Tag Archives: Mammon

Walking the Lord’s Prayer in the winter sales

Bon Accord Centre

Image by jj_judes via Flickr

I made obeisance at the altar of Mammon by visiting the winter sales in Aberdeen. I slouched my way up one side of Union Street, and down the other in search of a jacket that wouldn’t fit. The jackets at massive discounts were in 44L or 38S and I’m a regular sort of guy. When I pounced on a cool jacket I was politely informed “Oh, this one’s not in the sale, Sir.” Thirsty and hungry, I came in sight of the St Nicholas shopping centre which drew me in.  Eventually I arrived at its sister shopping centre which, as it name says, was ‘happy to meet me.’ I rested my very sorry frame on a seat in the gallery area, to be nourished with coffee and a pastry. Food for thought….

Our Father in heaven – in whose temple am I sitting? The tiled floors and walls, and the moving ladders to where? Two escalators up into shopping heaven and John Lewis, one escalator down, casting the shopper into the outer darkness of George Street. Meanwhile the ever watchful eyes of the CCTV and uniformed ‘vergers’ observed me closely.

Hallowed be your name – “Style and Substance” boasts the centre, Currys, Disney Store, Dorothy Perkins, Ernest Jones, H&M, Laura Ashley, Marks and Spencer, Monsoon, Next, Swarovski, The Body Shop, Tie Rack, Topman, Warehouse, holy names, sacred, consecrated, sanctified, blessed and revered.

Your kingdom come
Your will be done
on earth as in heaven – already present in our midst, though not yet revealed. Is God’s kingdom to be found in this sacred space? Sacred to the cult of consumerism? Who are these high priests serving us with our material needs as we strive to glamorise our lifestyles, in remembrance of the pages of the glossy magazines?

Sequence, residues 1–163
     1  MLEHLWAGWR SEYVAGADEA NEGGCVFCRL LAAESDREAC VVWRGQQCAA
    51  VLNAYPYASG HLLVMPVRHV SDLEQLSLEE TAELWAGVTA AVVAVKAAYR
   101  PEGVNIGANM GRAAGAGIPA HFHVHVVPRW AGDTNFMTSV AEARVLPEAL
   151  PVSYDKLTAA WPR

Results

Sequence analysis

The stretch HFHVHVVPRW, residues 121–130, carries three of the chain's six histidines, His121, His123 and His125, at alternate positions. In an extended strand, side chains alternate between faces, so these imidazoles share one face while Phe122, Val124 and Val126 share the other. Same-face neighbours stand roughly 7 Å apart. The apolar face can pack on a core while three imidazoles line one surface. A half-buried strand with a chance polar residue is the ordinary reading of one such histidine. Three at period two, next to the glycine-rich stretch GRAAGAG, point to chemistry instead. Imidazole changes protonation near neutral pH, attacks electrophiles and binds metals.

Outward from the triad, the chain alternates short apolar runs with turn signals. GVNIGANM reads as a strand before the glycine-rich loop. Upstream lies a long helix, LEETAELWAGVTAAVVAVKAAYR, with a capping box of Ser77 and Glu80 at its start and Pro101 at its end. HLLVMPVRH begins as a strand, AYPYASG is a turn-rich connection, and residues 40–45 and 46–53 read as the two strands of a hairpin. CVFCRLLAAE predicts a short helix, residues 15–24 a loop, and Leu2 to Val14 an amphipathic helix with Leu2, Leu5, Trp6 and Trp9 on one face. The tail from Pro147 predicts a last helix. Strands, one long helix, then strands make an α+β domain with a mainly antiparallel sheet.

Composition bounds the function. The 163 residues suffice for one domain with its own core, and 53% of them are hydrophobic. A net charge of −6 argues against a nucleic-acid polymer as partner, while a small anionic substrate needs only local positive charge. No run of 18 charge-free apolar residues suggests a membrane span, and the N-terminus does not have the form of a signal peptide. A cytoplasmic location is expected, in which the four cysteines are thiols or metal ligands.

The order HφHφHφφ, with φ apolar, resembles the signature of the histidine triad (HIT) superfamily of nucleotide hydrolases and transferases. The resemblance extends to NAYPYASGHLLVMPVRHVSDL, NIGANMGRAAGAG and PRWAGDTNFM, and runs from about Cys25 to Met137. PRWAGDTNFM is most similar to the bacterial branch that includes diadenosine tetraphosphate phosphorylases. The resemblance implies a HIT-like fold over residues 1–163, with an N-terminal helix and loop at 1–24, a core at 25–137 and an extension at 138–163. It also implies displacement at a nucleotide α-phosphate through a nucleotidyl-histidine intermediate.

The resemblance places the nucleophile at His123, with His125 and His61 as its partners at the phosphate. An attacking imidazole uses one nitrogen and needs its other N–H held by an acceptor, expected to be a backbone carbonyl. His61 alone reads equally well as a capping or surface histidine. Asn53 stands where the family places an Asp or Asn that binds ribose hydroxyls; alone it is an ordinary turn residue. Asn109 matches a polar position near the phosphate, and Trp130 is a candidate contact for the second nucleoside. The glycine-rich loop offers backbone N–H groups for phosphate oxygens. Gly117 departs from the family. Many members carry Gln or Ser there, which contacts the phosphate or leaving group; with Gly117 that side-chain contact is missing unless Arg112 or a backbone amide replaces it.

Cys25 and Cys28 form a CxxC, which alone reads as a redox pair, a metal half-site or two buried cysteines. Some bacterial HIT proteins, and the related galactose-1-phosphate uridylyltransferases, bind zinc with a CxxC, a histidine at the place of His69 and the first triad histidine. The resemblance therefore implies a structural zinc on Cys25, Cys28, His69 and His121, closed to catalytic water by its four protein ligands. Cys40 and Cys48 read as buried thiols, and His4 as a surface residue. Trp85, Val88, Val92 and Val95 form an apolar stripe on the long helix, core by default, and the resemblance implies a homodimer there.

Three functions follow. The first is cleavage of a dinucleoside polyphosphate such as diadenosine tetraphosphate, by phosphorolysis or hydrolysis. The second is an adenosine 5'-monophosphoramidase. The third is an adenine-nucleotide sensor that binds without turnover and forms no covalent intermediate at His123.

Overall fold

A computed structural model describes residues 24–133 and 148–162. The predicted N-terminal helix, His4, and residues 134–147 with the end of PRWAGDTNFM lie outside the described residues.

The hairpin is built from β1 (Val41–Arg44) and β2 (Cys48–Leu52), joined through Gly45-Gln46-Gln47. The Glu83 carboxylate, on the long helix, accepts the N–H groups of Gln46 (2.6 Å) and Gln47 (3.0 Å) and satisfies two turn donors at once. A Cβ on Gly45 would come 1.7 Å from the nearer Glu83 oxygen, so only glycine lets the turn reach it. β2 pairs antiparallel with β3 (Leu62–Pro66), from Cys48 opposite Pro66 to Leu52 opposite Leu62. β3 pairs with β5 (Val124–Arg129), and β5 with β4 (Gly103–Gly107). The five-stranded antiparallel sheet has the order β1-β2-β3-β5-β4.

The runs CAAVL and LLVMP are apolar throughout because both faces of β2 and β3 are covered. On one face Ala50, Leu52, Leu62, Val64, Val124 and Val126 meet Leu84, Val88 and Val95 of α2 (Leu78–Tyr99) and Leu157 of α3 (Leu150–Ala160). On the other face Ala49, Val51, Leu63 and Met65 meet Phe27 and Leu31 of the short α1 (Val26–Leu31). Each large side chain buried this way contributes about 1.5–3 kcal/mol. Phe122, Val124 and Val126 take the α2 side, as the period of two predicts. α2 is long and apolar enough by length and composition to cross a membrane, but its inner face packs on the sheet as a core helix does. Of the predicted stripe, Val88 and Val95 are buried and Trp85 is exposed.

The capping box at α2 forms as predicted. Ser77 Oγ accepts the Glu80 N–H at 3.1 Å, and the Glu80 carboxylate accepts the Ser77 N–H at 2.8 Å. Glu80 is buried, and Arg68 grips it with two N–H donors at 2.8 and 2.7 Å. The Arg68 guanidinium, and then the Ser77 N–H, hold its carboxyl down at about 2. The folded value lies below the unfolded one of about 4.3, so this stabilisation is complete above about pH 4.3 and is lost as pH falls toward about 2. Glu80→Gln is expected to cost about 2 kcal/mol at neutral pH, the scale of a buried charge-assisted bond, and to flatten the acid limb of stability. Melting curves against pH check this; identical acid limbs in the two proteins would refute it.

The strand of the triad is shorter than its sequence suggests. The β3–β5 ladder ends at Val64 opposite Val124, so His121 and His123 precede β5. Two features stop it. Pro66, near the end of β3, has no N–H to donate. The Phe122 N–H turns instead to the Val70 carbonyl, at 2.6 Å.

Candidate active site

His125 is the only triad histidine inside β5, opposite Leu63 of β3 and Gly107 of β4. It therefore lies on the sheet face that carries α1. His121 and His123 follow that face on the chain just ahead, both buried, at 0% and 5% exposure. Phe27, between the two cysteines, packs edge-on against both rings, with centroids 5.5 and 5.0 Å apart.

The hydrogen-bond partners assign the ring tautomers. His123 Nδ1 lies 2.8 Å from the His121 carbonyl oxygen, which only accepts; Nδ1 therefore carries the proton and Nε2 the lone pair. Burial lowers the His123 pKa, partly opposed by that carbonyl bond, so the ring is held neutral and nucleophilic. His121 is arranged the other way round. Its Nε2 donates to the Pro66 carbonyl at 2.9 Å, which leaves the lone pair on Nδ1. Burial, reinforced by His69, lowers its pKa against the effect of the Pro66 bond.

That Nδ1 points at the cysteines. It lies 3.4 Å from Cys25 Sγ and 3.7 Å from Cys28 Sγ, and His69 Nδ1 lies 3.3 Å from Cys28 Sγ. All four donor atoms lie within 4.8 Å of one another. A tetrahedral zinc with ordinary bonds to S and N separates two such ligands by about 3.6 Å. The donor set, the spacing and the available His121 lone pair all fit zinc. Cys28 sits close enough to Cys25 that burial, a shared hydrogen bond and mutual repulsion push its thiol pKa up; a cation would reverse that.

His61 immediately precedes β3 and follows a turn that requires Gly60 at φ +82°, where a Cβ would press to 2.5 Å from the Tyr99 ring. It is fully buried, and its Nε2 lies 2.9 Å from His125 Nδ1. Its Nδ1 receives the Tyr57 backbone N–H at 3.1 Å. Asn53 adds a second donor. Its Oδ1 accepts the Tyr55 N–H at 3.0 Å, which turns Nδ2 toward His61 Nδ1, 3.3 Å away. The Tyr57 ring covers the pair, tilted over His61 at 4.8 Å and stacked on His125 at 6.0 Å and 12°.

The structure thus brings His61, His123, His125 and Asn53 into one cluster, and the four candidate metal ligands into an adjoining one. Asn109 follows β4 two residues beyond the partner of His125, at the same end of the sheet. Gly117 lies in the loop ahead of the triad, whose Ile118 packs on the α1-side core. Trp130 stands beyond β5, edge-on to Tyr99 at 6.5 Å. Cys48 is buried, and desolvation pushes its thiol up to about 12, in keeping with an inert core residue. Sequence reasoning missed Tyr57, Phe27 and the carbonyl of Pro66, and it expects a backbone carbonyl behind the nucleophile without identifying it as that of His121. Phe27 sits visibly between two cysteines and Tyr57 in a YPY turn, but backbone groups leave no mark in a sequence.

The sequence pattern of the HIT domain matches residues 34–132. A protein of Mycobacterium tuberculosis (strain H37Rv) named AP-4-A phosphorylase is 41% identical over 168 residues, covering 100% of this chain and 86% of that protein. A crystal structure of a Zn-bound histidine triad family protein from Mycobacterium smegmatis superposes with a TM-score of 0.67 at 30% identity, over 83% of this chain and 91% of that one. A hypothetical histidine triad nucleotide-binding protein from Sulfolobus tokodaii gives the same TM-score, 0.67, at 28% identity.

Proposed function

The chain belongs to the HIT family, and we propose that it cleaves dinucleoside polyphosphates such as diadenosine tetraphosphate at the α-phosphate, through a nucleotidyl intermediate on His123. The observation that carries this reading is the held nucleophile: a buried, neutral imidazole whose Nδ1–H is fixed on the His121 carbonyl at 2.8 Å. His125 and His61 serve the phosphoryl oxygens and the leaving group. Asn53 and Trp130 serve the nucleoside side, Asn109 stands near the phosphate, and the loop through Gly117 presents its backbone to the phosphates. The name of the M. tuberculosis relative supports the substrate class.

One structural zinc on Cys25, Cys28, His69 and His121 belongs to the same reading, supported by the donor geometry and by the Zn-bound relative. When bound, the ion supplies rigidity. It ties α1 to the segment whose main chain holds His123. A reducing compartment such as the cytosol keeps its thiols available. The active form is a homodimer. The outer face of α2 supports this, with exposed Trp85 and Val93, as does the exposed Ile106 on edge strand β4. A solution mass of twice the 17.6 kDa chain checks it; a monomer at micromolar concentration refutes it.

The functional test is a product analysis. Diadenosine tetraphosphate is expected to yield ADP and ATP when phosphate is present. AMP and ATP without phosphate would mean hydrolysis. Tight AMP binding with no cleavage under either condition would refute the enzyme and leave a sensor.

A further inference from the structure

Give us this day our daily bread – all our earthly needs are met. From a quick snack to a leisurely lunch, we are enticed by the trends and the best buys, a ‘fabulous’ frock, lotions and potions for her and the phones and up-to-the-minute technology for him. Even an Aladdin’s cave of radio controlled helicopters, trains, with collectables from Star Wars, Harry Potter, Dr. Who and Star Trek.  All for the child within us.

Do not bring us to the time of trial – is this about owning up to our acquisitiveness, our greed, the growing gulf between rich and poor? How much do we need for a sustainable lifestyle? What does living lightly mean? How will we manage our debt burden in 2012?

But deliver us from evil. Is this really an evil place? Bon Accord and St Nicholas and other shopping centres in the city are large employers, major contributors to the local economy, some working with the local community and supporting many local and national charities. Most of Aberdeen’s wealth is from the oil industry, a depleting source of energy supply, but as the oil industry declines opportunities will arise to use its skills, supply chains and technologies to develop alternative forms of sustainable energy and carbon capture, to try to reverse the effect of global warming. In this moral crisis there is yet hope.